The Adventures of Huckleberry Finn
Realism and Romanticism in The Adventures of Huckleberry Finn
"Fiction is obliged to stick to possibilities. Truth isn't." This witty aphorism, although intended as a commentary on society, also reveals some of Mark Twain's beliefs about literature. By asserting that fiction must stay in the realm of possibility, Twain establishes his preference of Realism over Romanticism. Realism, a literary style which presents ordinary life in an objective and factual way, is the antithesis of Romanticism, a style which stresses imagination, emotion, and the awesome power of nature. However, despite this proclamation, aspects of Romanticism are clearly present in Twain's novel The Adventures of Huckleberry Finn, which seamlessly blends both Realism and Romanticism. These contrasting literary styles are found in the setting, characterization, and plot of the novel.
The use of vivid detail enables Twain to establish an absorbing visual setting. Although the setting is inspired by actual rivers and towns, Twain utilizes a number of Romantic techniques to convey specific aspects of the characters' surroundings. To establish Huck's familiarity and comfort with nature, Twain clearly personifies nature, a common aspect of Romantic literature:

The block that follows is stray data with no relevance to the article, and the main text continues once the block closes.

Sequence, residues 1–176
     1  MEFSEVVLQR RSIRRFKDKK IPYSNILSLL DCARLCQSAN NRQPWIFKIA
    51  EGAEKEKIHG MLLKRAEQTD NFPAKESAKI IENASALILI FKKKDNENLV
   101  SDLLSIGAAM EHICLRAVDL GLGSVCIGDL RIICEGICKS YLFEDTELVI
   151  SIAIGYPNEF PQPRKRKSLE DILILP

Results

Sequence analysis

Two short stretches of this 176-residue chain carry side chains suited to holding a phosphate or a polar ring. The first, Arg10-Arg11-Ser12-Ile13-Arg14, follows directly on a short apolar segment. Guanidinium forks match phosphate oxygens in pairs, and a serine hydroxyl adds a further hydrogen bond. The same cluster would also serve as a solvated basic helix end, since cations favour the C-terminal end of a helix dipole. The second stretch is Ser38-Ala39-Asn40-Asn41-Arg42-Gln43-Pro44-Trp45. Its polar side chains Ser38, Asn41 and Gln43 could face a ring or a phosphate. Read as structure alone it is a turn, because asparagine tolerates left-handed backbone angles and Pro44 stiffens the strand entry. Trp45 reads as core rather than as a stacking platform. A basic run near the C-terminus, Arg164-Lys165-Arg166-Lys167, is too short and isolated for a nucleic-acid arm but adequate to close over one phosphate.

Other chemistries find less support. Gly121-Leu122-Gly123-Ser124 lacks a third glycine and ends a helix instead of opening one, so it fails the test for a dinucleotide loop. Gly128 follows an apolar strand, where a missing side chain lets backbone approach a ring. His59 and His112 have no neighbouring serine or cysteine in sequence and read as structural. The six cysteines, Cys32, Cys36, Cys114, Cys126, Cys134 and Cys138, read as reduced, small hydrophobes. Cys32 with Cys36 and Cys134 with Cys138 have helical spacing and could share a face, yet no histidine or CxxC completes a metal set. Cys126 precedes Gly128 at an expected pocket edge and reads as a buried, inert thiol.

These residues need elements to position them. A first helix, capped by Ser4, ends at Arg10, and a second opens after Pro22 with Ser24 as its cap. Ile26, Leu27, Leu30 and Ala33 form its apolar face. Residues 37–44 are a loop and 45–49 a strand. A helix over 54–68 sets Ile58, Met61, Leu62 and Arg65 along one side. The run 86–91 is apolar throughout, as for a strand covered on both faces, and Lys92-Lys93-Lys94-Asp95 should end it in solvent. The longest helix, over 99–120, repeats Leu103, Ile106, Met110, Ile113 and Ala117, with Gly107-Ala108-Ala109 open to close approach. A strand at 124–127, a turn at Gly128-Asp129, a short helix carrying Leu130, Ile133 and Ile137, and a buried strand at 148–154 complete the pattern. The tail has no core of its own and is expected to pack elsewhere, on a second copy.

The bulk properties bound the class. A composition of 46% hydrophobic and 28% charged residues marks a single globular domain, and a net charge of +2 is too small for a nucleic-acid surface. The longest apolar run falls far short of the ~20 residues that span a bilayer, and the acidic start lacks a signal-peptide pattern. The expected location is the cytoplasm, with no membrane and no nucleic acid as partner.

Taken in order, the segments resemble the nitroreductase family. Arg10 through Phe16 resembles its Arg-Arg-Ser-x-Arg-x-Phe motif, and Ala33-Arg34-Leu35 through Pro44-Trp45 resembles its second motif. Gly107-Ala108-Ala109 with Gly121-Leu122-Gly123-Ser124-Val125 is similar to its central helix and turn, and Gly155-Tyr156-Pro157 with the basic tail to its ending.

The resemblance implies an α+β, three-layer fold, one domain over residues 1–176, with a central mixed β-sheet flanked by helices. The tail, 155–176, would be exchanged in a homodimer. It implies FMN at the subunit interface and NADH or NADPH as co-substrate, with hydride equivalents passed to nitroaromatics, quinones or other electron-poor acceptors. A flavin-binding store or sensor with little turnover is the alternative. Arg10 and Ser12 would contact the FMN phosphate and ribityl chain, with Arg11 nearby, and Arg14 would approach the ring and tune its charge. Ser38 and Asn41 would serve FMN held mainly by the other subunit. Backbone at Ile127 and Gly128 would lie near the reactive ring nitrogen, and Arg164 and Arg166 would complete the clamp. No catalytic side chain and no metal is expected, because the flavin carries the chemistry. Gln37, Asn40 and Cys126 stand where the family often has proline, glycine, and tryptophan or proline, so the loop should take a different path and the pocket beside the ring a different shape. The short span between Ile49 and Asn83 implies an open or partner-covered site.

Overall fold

The stars were shining, and the...
Join Now to View Premium Content
GradeSaver provides access to 770 study guide PDFs and quizzes, 5172 literature essays, 1569 sample college application essays, 204 lesson plans, and ad-free surfing in this premium content, “Members Only” section of the site! Membership includes a 10% discount on all editing orders.
Already a member? Log in